Former Garment Worker to Speak About Sweatshops

Carmencita Abad, a former Saipan garment worker, will be in Fulton Feb. 5 as part of a nationwide speaking tour to discuss the years she spent in a sweatshop making clothes for the Gap.

Abad, who prefers to be called Chie, will speak at 7 p.m. in Dulany Auditorium on the William Woods University campus, as part of the President’s Concert and Lecture Series.

The lecture is free and open to the public.

Chie spent six years as a garment worker on the Pacific island of Saipan, in the U.S. Commonwealth of the Northern Mariana Islands. During that time, she endured wretched working conditions, frequently working 14-hour shifts in sweatshop conditions to meet arbitrary production quotas.

She worked for the Sako Corporation, which makes clothes for the Gap, among other major U.S. retailers. After suffering the island’s intolerable living and working conditions for four years, Chie attempted to organize Saipan’s first garment worker union.

When the factory management learned of her organizing efforts, managers began an intense campaign against the formation of a union. They threatened employees that they would shut down the plant and, in general, intimidated workers, frightening them from supporting the union. The eventual union-certifying election was lost by only five votes.

Because of her attempts to organize employees at the factory, Sako management retaliated by refusing to renew Chie’s year-long work contract for the first time in five years. To prevent the loss of her job, Chie took her case to the U.S. Equal Employment Opportunity Commission.

The EEOC was then able to obtain a preliminary injunction in federal court in October 1998 that prohibited Sako from firing Chie while the commission investigated the retaliation charge. Outraged by the treatment she had received, in January 1999 Chie chose to come to the U.S. to expose the harsh reality of Saipan to the American people.

She now serves as a spokeswoman for the workers of Saipan’s garment industry as she works with several U.S. organizations, including Global Exchange, on a $1 billion class-action lawsuit that hopes to improve living and working conditions on the island. In June 1999 the EEOC filed a lawsuit against Sako in federal court on Chie’s behalf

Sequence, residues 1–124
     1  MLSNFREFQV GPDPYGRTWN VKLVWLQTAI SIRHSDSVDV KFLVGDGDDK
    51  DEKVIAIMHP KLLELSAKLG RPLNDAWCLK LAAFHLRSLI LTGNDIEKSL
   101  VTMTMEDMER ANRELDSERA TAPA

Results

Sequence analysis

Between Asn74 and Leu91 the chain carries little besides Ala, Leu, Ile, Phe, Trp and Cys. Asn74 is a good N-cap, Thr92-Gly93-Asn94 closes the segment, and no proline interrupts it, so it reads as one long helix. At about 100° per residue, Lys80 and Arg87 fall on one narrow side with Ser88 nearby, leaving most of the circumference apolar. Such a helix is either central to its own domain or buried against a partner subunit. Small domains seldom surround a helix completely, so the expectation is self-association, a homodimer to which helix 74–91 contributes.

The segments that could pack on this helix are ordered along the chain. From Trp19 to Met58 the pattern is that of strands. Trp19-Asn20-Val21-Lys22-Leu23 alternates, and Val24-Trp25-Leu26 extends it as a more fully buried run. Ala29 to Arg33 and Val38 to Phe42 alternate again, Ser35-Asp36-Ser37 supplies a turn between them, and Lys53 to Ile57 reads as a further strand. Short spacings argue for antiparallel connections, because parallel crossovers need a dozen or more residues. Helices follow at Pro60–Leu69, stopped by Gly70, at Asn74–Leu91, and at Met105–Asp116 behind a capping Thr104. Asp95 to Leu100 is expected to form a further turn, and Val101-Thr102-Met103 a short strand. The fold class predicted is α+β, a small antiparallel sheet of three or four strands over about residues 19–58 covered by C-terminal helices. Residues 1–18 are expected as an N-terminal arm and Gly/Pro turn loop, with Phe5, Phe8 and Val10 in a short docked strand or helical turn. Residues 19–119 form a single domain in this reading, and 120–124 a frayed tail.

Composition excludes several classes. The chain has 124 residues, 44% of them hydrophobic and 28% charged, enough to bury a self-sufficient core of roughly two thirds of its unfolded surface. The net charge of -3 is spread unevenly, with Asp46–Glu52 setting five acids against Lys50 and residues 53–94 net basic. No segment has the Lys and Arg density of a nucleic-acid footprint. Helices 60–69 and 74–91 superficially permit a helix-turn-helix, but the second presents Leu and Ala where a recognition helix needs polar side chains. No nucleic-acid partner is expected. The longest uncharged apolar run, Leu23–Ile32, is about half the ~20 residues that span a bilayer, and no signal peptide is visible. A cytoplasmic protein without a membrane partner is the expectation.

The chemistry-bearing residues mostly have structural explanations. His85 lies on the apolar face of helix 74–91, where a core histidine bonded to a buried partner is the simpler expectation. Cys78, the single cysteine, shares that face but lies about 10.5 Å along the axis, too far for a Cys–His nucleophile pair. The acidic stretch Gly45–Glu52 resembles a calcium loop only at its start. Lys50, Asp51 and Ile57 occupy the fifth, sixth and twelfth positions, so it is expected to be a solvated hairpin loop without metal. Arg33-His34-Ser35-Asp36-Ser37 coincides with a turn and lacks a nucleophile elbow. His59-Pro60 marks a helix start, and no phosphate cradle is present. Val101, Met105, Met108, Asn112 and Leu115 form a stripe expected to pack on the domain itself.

With no U.S. import tariffs, no U.S. quota restrictions, a minimum wage of $3.05 an hour and lax immigration laws, Saipan has become home to a host of apparel factories that make clothing for companies, including J.C. Penny, Tommy Hilfiger, Nordstrom and the Gap.

Although the arrangement has been a huge success for investors who save $200 million annually from not having to pay tariffs on garments shipped to the mainland, the workers in the factories have not been so lucky.

For the nearly 40,000 immigrants who work in Saipan—most of them from China, the Philippines and Bangladesh—life on the island is nothing less than indentured servitude.

Lured by the promise of good jobs in the U.S., foreign workers pay recruitment fees of up to $7,000 to work in Saipan. Once there, they often must sign contracts that waive basic rights, including the freedom to join unions, attend religious services, quit, or marry.

Because payment for food and lodging is taken directly from their paychecks, many workers do not earn enough to repay their recruitment fees by the time their year-long contract has expired. The Saipan factories often fail to pay overtime even though most workers put in far more than 40 hours a week.

Chie’s tour is sponsored by Global Exchange, a human rights organization closely involved with sweatshop issues.